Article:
The beginning of displacement
Before the bus sped towards the border,
we were tender,
bodies gathered in a singular prayer of leaving.
The sky was beginning to walk into light,
a man in rumpled suit walked into the park,
kneeled on wet earth and recited the Lord’s prayer:
Our father who art in heaven,
what we are leaving behind will never wait for us.
I remember a lady in a blue dress trembling,
the weight of a country will always be too heavy
to leave in a strange park.
There was music there; the silent tears of travelers,
the shifting of trauma through borders,
the mingling of language
as if through the loudness of speech,
babel was dropped on every tongue.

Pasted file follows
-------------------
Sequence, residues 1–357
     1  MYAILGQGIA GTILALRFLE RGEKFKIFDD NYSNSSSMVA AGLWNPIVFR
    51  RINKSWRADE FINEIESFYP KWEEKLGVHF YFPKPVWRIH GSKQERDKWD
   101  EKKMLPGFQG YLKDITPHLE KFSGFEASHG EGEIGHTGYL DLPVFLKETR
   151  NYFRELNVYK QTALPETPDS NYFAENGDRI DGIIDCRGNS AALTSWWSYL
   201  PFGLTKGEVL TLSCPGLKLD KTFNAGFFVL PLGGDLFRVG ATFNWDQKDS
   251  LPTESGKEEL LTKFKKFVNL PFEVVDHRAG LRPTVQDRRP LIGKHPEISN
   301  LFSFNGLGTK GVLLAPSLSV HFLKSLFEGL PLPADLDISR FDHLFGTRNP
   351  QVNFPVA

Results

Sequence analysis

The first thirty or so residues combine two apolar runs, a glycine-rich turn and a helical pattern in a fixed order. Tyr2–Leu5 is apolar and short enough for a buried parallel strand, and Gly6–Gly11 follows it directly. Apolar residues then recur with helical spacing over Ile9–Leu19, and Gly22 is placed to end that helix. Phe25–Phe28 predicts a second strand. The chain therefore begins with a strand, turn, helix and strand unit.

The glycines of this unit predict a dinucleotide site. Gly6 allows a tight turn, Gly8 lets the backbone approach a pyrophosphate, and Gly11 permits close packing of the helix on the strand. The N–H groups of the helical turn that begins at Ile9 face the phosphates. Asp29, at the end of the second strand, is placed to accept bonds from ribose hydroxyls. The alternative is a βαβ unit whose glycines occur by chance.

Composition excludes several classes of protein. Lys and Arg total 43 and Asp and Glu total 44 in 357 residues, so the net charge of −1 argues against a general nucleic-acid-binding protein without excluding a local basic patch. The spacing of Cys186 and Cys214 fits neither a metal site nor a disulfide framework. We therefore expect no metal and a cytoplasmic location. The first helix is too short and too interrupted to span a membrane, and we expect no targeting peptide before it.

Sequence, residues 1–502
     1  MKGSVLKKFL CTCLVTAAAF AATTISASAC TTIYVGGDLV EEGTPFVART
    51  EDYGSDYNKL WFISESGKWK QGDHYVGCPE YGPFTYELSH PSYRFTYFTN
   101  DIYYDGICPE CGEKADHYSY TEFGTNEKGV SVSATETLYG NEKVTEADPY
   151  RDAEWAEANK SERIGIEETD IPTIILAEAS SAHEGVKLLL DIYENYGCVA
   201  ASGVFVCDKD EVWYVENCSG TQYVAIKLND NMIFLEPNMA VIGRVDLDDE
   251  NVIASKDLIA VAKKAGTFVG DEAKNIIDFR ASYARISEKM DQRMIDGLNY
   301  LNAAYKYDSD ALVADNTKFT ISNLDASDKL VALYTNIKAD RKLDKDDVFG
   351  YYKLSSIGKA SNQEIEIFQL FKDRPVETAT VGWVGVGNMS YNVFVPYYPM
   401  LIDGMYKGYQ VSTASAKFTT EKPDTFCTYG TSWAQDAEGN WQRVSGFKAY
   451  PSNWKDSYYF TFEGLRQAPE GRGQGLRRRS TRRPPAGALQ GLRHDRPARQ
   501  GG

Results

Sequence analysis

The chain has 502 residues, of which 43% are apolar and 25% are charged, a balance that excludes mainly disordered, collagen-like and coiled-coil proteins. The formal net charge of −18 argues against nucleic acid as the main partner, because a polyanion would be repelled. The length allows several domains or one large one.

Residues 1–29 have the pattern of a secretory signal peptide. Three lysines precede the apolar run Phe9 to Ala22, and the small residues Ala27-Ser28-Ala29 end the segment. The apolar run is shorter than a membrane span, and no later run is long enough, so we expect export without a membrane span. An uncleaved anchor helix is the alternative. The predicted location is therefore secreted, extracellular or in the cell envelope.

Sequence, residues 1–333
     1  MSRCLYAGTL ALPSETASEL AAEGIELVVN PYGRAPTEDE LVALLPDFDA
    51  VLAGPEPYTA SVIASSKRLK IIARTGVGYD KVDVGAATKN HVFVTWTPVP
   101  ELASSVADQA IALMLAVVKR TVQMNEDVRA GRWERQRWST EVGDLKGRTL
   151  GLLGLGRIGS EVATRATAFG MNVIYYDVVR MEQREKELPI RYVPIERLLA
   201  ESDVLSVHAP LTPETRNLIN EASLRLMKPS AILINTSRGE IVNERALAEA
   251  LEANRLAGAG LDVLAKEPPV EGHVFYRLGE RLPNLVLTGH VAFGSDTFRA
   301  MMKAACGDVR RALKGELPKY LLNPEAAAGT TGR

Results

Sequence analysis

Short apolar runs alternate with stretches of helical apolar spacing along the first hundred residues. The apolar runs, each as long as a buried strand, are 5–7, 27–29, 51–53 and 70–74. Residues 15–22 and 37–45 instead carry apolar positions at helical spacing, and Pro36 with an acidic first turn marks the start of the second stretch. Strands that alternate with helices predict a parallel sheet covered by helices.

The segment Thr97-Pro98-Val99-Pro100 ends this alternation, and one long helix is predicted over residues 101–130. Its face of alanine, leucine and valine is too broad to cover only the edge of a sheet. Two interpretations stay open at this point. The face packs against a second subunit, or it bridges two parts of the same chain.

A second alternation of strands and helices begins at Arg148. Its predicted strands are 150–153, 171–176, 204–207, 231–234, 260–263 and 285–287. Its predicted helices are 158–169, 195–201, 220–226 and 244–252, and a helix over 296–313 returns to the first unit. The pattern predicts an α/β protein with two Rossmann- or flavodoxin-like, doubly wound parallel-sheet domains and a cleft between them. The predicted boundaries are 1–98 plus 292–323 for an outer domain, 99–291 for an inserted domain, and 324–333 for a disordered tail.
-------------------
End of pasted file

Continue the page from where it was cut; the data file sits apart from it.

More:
This is what precedes every exiled soul.
This is the ritual of leaving, the fear, the sudden silence
as if in bated breath an old world is lost
and a new world is being created,
and in leaving a body is seeking for this paradise,
this unfurling of new wings, this naming of new cities
and as always, this gift of green rolling hills.
Romeo Oriogun was born in Lagos, Nigeria. He is the author of Sacrament of Bodies (University of Nebraska Press). His poems have appeared in Prairie Schooner, American Poetry Review, Harvard Review, Narrative Magazine, Bayou, and others. He currently is an MFA candidate for poetry at the Iowa Writers’ Workshop, where he received the John Logan Prize for Poetry.